In the age of social media, smartphone and WhatsApp, we are constantly bombarded by digital distractions throughout the day and increasingly, the night. All of this hinders our ability to hold any kind of meaningful attention as we attempt and fail to multitask. In a land where meditation and contemplation compete with increasingly intrusive technologies, we really need to strike a balance for our sanity, productivity and health.
The popularity of the Indian Premier League is a perfect example as against the longer form of Test cricket where people can no longer afford the time to sit and watch the country’s most popular sport as technology-driven information fills every possible gap in our daily routine.
Much has been written about the benefits of turning our devices off, mindfulness and taking back control. Yet that is not enough for some who are unable to put down their device for barely 10 minutes at a stretch. So here are a few tips where technology —real or otherwise —can help one deal with information addiction.
Technology as a gatekeeper
If one works in an office, there is often the temptation to procrastinate and check social media and other information channels rather than start the daily tasks. A way round this is to use technology in one’s favour and employ tools such as the Forest App on Chrome and mobile or StayFocsd on Chrome.
Forest allows one to carve out set periods of time to work without distraction by telling it which sites one does not want to visit. Whilst one carries out their work, the app grows a tiny sapling into a tree and by checking things such as emails, one runs the risk of killing the tree —it really does help to stay on track.
On the other hand, StayFocsd also blocks out social media and web distractions and works very well.
RescueTime, a time management app, tracks how one is spending time on their computer and mobile devices, then provides a report. It’s a small downloadableapplication that can be installed on computers and a website where one can view statistics that the apps collect.
One can also set alerts to remind them how much time has been spent on sites or to block certain sites, so that one is more focused and productive.
NoPhone is better than a phone
If one technology has formed a strong, impregnable bond with us it is our phone. It is always with us, guides us through cities, helps us find love, communicate with friends and find the latest rolling 24 hour news. It is ever present, demands and often gains our attention over fellow human beings.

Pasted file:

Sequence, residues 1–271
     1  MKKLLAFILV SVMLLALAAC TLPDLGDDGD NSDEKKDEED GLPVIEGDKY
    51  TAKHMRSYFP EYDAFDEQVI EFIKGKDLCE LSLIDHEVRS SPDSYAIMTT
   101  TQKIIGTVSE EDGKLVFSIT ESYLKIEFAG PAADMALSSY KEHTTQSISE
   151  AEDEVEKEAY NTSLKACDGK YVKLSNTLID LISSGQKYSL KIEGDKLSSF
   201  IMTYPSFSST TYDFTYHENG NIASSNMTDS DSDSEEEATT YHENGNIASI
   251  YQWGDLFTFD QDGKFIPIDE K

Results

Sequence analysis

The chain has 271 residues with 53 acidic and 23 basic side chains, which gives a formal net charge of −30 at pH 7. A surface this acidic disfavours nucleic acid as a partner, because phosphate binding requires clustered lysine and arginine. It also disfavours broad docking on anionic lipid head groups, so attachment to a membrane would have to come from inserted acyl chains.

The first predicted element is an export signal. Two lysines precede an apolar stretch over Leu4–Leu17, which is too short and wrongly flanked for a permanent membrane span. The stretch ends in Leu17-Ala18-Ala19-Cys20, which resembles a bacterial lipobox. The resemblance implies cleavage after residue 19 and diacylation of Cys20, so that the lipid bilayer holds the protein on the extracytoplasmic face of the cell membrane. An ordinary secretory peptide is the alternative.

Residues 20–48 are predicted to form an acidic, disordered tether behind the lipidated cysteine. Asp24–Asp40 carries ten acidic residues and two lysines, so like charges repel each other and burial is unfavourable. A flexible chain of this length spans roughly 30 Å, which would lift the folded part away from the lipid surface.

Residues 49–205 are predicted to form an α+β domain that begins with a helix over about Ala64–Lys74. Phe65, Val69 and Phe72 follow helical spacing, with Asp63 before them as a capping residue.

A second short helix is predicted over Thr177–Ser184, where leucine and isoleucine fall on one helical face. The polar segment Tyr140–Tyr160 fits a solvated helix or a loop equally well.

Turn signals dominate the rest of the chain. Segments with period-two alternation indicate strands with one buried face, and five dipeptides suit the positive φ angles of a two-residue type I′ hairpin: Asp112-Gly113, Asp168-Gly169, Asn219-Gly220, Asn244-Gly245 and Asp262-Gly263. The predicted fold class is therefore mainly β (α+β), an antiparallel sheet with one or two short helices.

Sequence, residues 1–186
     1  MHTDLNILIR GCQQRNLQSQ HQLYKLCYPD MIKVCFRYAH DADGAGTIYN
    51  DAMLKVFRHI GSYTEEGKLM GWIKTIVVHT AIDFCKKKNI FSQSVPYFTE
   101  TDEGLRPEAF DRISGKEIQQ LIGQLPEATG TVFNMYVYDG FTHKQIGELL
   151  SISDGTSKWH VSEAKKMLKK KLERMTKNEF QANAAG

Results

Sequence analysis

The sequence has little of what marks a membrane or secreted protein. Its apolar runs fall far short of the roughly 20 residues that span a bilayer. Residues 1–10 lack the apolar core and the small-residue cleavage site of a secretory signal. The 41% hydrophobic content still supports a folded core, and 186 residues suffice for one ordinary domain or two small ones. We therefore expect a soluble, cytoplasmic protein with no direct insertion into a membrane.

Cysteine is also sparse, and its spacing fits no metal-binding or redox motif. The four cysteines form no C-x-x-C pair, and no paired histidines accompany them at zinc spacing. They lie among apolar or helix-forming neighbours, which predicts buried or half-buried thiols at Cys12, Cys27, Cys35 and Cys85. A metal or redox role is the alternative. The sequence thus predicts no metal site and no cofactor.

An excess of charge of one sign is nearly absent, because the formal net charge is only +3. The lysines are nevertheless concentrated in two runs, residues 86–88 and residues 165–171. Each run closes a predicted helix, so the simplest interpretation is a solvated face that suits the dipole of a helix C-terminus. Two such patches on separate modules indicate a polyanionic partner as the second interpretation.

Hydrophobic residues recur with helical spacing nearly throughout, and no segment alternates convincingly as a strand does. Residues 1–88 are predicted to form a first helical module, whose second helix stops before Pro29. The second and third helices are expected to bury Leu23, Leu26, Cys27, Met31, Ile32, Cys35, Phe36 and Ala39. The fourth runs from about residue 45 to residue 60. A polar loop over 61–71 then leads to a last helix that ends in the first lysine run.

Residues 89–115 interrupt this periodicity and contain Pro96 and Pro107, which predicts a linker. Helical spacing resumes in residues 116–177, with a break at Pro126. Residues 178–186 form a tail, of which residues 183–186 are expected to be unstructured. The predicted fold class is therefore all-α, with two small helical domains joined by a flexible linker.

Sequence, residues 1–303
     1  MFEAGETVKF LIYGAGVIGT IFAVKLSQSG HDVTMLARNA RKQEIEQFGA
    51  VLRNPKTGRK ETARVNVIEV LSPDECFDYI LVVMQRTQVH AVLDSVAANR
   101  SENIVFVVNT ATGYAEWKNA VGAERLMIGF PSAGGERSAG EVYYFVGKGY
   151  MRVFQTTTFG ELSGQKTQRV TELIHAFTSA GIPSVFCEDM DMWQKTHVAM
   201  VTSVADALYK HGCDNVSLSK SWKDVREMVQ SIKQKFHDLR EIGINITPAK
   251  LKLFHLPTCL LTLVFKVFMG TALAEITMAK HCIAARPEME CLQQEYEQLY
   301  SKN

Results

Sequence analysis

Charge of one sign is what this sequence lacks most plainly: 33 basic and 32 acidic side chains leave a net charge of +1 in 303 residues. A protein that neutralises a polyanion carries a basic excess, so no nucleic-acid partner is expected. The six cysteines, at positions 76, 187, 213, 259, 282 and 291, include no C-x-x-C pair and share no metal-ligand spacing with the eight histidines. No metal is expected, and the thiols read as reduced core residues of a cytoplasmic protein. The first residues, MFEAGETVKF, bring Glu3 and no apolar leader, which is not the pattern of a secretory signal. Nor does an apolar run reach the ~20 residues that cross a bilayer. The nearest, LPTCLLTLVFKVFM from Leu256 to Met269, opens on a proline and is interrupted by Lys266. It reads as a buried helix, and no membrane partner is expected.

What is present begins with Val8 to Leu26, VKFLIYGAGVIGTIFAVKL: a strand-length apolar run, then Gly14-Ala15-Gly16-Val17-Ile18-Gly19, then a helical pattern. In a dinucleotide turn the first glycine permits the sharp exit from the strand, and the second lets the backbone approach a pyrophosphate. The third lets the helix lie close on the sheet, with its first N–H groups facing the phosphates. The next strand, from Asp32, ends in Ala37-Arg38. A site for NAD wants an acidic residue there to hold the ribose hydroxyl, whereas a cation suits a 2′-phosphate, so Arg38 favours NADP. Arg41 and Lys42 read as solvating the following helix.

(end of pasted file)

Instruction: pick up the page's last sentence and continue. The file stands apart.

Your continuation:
A way to address that is to turn the phone to silent or off, but that is too easy to get around. One option is to leave the
phone at home when out at work or with friends and family, but that leaves a gaping hole in one’s very being as the fear surfaces that one might have lost the phone after realising it is not in the pocket or bag.
A solution is to have a NoPhone, which looks like a phone but is stripped of all of its functionality. Coming in three different models, the NoPhone Zero, NoPhone and NoPhone Selfie, prices start at just $5 and are a modern-day comfort blanket for those addicted to their smart devices.
There is also the ironic NoPhone Air, which is just a sealed clear phone packing case — perhaps the ideal gift for that iPhone addicted best friend or partner!
Shock yourself from using the web
Everyone has some kind of a bad habit they would like to change, whether it is picking your nose, going to bed late or eating that second naughty desert. One way round is to reinforce good behaviour through placing a rubberband around one’s wrist. Each time one engages in their bad habit, they snap the rubber band and after a while a person will start associating the bad habit with the pain of the band slapping the skin.
For those too quick to dip into social networking websites such as Facebook at every spare moment, there is a solution that goes beyond the snapping rubber band. A company called Behavioural Technology Group have created the Pavlock a wristband that emits an electric shock every time one does something it has been programmed to stop.
The Wristband was created as a way to aid productivity and break those bad habits —it costs $179 and can emit a shock of 17 to 240 volts.
So if one finds themselves typing Facebook in the search window several times a day for no apparent benefit, they may need something to help them wean off. The Pavlock Chrome Extension syncs with the device to monitor websites one tells it to monitor, so too long on one unproductive website will result in a shock. After a few of these, Facebook will not look so appealing anymore.
(The writer is an information specialist, Information Resources Group, the University of Sheffield, UK)